The Pope also stressed that he chose to live in St. Martha’s House in order to be with people. “I can’t live here – he said speaking about the Apostolic Palace –, it’s purely for psychological reasons. I wouldn’t feel good. At first it seemed like a strange decision but I asked to stay here in St. Martha’s House. And it’s good for me because I feel free. I eat with everyone else in the dining hall and when I’m early, I eat with the staff here. I meet people, I greet them and this makes the golden cage less of a cage. But I do miss the street.”

The Pope was interviewed by a Dutch newspaper published with the help of homeless people. he was interviewed by a journalist and a person without a fixed abode. The interviews conducted by the newspaper always begin with a question about the street where the interviewee grew up. The Pope talked about the street he and his parents lived on in Buenos Aires. Speaking about his election as leader of the Catholic Church, he said “it came out of the blue. I kept a cool head. And this is a grace from God I don’t think so much about the fact I’m famous. I say to myself: right now I have an important position but in ten years who’s going to know you (laughs)?You know, there are two kinds of fame: the fame of ‘great’ people who have accomplished great things, like Marie Curie and the fame of vain people. But the second is ephemeral.”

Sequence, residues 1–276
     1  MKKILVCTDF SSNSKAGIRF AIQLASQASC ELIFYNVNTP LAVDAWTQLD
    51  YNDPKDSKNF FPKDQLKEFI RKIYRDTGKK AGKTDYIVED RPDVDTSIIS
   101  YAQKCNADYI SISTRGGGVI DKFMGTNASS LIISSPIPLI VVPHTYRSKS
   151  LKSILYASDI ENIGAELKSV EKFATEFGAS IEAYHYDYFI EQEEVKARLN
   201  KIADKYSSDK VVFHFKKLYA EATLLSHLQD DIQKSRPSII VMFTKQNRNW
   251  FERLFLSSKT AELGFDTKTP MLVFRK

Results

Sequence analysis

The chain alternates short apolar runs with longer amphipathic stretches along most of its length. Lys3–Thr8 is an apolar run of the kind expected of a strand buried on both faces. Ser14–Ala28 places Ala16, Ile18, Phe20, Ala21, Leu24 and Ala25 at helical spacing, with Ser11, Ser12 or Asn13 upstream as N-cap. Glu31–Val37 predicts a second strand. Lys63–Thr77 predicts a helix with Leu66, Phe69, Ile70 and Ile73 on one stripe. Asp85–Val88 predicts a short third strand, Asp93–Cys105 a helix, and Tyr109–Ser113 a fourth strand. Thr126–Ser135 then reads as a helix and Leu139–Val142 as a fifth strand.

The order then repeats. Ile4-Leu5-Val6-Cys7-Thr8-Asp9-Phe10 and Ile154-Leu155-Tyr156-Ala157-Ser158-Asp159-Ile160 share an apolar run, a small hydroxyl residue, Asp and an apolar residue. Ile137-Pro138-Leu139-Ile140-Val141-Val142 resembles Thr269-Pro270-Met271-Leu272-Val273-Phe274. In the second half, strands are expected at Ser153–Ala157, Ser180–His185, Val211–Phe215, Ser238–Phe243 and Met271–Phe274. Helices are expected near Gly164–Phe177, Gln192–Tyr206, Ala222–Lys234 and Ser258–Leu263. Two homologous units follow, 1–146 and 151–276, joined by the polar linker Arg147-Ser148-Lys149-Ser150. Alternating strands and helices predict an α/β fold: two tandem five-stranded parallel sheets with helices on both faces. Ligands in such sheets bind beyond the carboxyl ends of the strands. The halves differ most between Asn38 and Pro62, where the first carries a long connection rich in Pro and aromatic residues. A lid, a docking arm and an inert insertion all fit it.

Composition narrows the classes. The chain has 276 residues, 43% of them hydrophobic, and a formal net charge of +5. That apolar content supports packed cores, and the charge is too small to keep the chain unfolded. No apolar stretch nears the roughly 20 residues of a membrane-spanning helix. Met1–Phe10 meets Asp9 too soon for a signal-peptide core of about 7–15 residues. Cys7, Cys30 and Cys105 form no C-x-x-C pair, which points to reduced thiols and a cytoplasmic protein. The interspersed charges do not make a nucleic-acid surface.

When asked about whether he would consider visiting the Netherlands if the homeless invited him, Francis said: “The doors are not closed to this possibility,” Francis replied and then joked, “Now that the Netherlands have an Argentinian queen, who knows.” Maxima Zorreguieta, the wife of William Alexander, King of the Netherlands, was born in Buenos Aires. The Pope, who said he had been to the Netherlands once when he was a provincial of the Argentinian Jesuits, sent a message to the homeless, which read: “I am not completely familiar with the conditions of homeless people in the Netherlands. I would like to say that the Netherlands is a developed country that offers many possibilities. I would encourage Dutch homeless people to carry on fighting for the three “t’s”: trabajo (work), techo (housing) and tierra (land).

In the interview there was even room for some jokes: when the Pope said he played football as a child, the interviewers asked whether he was any good, to which Francis responded: “No.” “Back in Buenos Aires, those who played like I did were dubbed the hard potatoes. In other words, we had two left feet. But I would play, and often I’d be goalie.” “when I was little, we didn’t have shops that sold things. There was a market where you had a butcher, a fruit and veg stall etc. I would go shopping with mum and my granny. I was tiny, I was just four years old. And one day they asked me: ‘What would you like to be when you grow up?’ ‘A butcher!’, I replied.

Sat, 11/07/2015 - 21:40